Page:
But I digress, because the problem is that Turkey is still in Cyprus and she is no longer the secular republic set up by Kemal Ataturk. Most Turkish Cypriots are secular and Kemal Ataturk is their hero, role model and source of political inspiration. Erdogan is regarded as a political retrograde who gets elected on the back of an Islamic revival at the expense of Ataturk’s secular legacy. As the regime in Turkey has become more Islamic and more authoritarian, many Turkish Cypriots want out.

Unfortunately, the Greek Cypriot political class has either failed to grasp this or sensed it but sought to exploit rather than build on it. A few years ago, I met a group of Turkish Cypriot trade unionists in the British House of Commons and they all complained about how unreceptive the Greek Cypriots were to their problems with Turkey and their wish to be embraced by the Republic of Cyprus.

Yet the Turkish Cypriots are the only people who live under Turkish occupation. Just like many French people were content to be under German occupation during World War II, many Turkish Cypriots are content too – primarily for reasons of security –  but many are getting more and more unhappy as the regime in Turkey spirals out of democratic control.

Turkish Cypriots welcomed Turkey’s preparedness to reduce her forces to 650 because it would have gotten rid of the bulk of Turkey’s troops, giving sufficient breathing space for any settlement with the Greek Cypriots to take root. Why is that so bad? On any view 650 soldiers is not very significant and as the militarist Romans would have said, de minimis non curat lex – the law does not concern itself with insignificant numbers. But it fell foul of the new zero troops policy  of the Greek foreign minister because he does not understand power. Student politics maybe but not power.

So where do we go from here? The UN thinks that this is a time for reflection. Would that it were true. There are elections in 2018 so this is no time for reflection. But I am a great believer in democracy, whatever it yields. The left needs an articulate candidate to tell it the way it is. Someone who will explain that the Turkish Cypriots are on the same side. Someone who would run to win rather than to prevent someone from winning.  Someone with the cojones to solve this vendetta instead of pussy footing around a la Anastasiades, who has turned rejectionist. He thinks that way lies electoral success. But he may be misjudging the people like Theresa May did in Britain. The left has to pick a winner. I think Takis Hadjigeorgiou is a winner compared to Anastasiades and Papadopoulos, who cancel each other out politically.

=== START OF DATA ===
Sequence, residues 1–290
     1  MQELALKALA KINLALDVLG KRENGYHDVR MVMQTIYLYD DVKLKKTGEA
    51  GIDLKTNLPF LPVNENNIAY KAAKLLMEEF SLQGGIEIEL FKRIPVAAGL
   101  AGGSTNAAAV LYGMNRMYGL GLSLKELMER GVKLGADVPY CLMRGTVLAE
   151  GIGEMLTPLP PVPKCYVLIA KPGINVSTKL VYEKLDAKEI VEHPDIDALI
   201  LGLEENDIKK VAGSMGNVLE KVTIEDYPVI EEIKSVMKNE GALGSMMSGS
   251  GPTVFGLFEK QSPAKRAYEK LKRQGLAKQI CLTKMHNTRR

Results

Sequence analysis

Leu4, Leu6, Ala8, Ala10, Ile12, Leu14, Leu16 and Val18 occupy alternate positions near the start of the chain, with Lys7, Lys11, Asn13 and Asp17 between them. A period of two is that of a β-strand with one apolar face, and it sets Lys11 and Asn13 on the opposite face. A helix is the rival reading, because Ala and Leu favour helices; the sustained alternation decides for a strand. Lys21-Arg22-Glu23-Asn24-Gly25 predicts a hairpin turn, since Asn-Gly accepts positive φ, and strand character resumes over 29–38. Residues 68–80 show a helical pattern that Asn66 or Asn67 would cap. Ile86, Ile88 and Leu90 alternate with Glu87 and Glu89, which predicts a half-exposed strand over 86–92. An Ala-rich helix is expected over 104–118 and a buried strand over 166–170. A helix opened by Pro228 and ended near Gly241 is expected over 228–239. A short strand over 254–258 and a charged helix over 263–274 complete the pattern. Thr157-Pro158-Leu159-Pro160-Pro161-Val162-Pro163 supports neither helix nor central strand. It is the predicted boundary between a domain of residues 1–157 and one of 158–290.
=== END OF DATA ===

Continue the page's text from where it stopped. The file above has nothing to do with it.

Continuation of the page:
Even if the rejectionists win, however, not all will be lost and people must not despair. The exclusion of the Turkish Cypriot community from the EU legal order will not last much longer if a comprehensive settlement proves impossible. The EU has laws on equality and non-discrimination that will ensure that its writ will run across the whole of the sovereign territory of the Republic of Cyprus even in areas not under the control of the government of Cyprus.

Turkish Cypriots are EU citizens on account of their citizenship of Cyprus, which they possess by operation of law not the exercise of any discretion. As EU citizens they have rights and the EU has obligations towards them, to which they are entitled even if there is no settlement.

The EU thrives on fudge and compromise. A way will be found to enable the Turkish Cypriots to acquire some sort of regional status within the EU in exchange for the return of land and property that many Greek Cypriots would have got under the convergences achieved during the talks.

In the end people must get land, property or compensation. If this has to be done by the Turkish Cypriots unilaterally, so be it.

In the meantime, justice to the refugees must be the left’s slogan to counter this zero everything slogan.